2nd Cir. Bars Indefinite Immigration Detention


     MANHATTAN (CN) – Joining its sister appellate court on the West Coast, the Second Circuit set a six-month limit on immigration detention on Wednesday to prevent what it called the “significant constitutional concern” of “indefinite incarceration.”
     Alexander Lora, 32, was not even a teenager when he arrived in Brooklyn, N.Y. from the Dominican Republic in 1990.
     Educated in the United States, Lora has gone to school and worked in grocery stores to support himself and his two sons. He also has a chronically-ill mother, a father, a fiancée, a brother and a sister.
     In 2009, authorities busted Lora and a co-worker at his grocery store for cocaine possession.
     His guilty plea for this offense carried a sentence of five years’ probation, but also triggered a decades-old law mandating detention and removal proceedings for immigrants who commit certain crimes.
     More than three years into Lora’s probation, Immigration and Customs Enforcement agents arrested him in an early morning raid of his home on Nov. 22, 2013.
     He spent nearly six months after that at the Hudson County Correctional Center in New Jersey, pending removal proceedings.
     Early last year, a New York state court granted Lora’s petition to vacate his plea and sentence, but an immigration judge still refused to grant him a bail hearing.
     He took the matter to Federal Court with a writ of habeas corpus, which U.S. Magistrate Judge Andrew Peck granted in April 2014.
     Though newly free, Lora had to fight an appeal by prosecutors and won some high-profile support as amicus briefs poured in from more than a dozen civil liberties groups, including the ACLU Immigrants’ Rights Project and the Immigration Justice Clinic of the Benjamin N. Cardozo School of Law.
     A unanimous three-judge panel of the Second Circuit upheld his habeas victory on Wednesday.
     Writing for the court, Circuit Judge Barrington Parker noted that the number of immigration detainees and their wait times have grown since the passage of the Illegal Immigration Reform and Immigrant Responsibility Act.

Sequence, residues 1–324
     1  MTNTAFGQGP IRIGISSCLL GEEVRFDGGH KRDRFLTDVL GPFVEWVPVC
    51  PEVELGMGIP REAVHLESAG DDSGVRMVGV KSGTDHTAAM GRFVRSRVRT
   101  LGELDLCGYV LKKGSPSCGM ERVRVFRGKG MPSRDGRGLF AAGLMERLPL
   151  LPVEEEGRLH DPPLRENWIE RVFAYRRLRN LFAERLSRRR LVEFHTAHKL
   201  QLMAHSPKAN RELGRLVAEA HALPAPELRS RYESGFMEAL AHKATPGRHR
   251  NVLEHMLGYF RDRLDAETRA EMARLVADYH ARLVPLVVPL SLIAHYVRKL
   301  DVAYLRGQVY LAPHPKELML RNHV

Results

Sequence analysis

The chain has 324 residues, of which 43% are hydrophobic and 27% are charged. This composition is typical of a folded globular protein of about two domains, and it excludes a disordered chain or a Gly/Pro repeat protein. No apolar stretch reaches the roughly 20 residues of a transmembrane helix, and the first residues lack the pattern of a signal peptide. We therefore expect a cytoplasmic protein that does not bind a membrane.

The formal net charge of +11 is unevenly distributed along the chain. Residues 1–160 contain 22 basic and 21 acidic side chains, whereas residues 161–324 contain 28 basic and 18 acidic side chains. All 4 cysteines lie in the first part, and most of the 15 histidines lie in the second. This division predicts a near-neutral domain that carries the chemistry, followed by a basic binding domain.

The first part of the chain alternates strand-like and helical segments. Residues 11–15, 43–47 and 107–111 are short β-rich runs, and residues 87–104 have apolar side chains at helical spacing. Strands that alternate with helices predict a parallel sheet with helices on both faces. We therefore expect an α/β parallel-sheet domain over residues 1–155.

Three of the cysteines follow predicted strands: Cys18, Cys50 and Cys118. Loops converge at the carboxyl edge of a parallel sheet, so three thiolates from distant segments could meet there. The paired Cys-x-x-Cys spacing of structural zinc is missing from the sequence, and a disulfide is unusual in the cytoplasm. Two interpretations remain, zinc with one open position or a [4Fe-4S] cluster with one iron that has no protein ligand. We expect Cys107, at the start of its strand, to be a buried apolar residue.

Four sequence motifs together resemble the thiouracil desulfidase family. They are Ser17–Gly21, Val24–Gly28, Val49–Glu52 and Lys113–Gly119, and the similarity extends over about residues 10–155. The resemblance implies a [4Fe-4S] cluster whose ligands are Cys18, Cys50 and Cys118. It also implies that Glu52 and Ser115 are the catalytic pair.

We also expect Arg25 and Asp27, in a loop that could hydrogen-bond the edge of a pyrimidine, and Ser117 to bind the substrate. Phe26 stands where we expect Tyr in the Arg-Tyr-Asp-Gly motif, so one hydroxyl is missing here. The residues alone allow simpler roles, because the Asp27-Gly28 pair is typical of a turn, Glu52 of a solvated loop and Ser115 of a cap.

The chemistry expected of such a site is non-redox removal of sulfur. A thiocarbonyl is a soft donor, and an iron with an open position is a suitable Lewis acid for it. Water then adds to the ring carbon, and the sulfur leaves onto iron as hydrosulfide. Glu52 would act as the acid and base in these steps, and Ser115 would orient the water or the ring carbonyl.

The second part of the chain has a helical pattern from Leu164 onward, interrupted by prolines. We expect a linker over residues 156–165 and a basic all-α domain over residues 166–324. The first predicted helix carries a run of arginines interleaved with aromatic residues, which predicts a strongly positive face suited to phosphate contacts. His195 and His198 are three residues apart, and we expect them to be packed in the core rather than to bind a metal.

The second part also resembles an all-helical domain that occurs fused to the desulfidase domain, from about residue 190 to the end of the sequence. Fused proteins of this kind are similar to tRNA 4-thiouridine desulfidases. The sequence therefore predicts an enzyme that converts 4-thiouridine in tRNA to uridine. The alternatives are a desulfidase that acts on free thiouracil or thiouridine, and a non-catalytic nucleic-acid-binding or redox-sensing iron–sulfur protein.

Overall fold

“No doubt an appreciable number of these detainees have criminal records that subject them to mandatory deportation,” Parker wrote. “Many in this group are dangerous or have no ties to a community.”
     But Lora counted himself among the group who “are not dangerous, have strong family and community ties, are not flight risks and may have meritorious defenses to deportation at such time as they are able to present them,” he added.
     To protect such immigrants, the Second Circuit carved out a six-month detention limit.
     The Ninth Circuit created this cut-off point in 2013 – and affirmed it again , also on Wednesday.
     Judy Rabinovitz, the deputy director of the ACLU’s Immigrants’ Rights Projects, noted in a phone interview that the Third Circuit also agreed in principle on detention limits.
     The First and 11th Circuits will hear similar cases on Tuesday and in January, respectively, she added.
     “It’s just a basic due-process protection to make sure that we’re not locking up people without giving them a chance,” Rabinovitz said.
     Alina Das, who represents Lora as a co-director of New York University’s Immigrant Rights Clinic, praised what she called an “important” decision.
     “All immigrants in detention deserve a fair bond hearing,” she said. “The Second Circuit’s decision is an important step in ensuring that community members like Mr. Lora do not have to languish in detention for six months without a bond hearing, needlessly separated from their families, while their immigration cases are processed.”
     The U.S. Attorney’s Office declined to comment.

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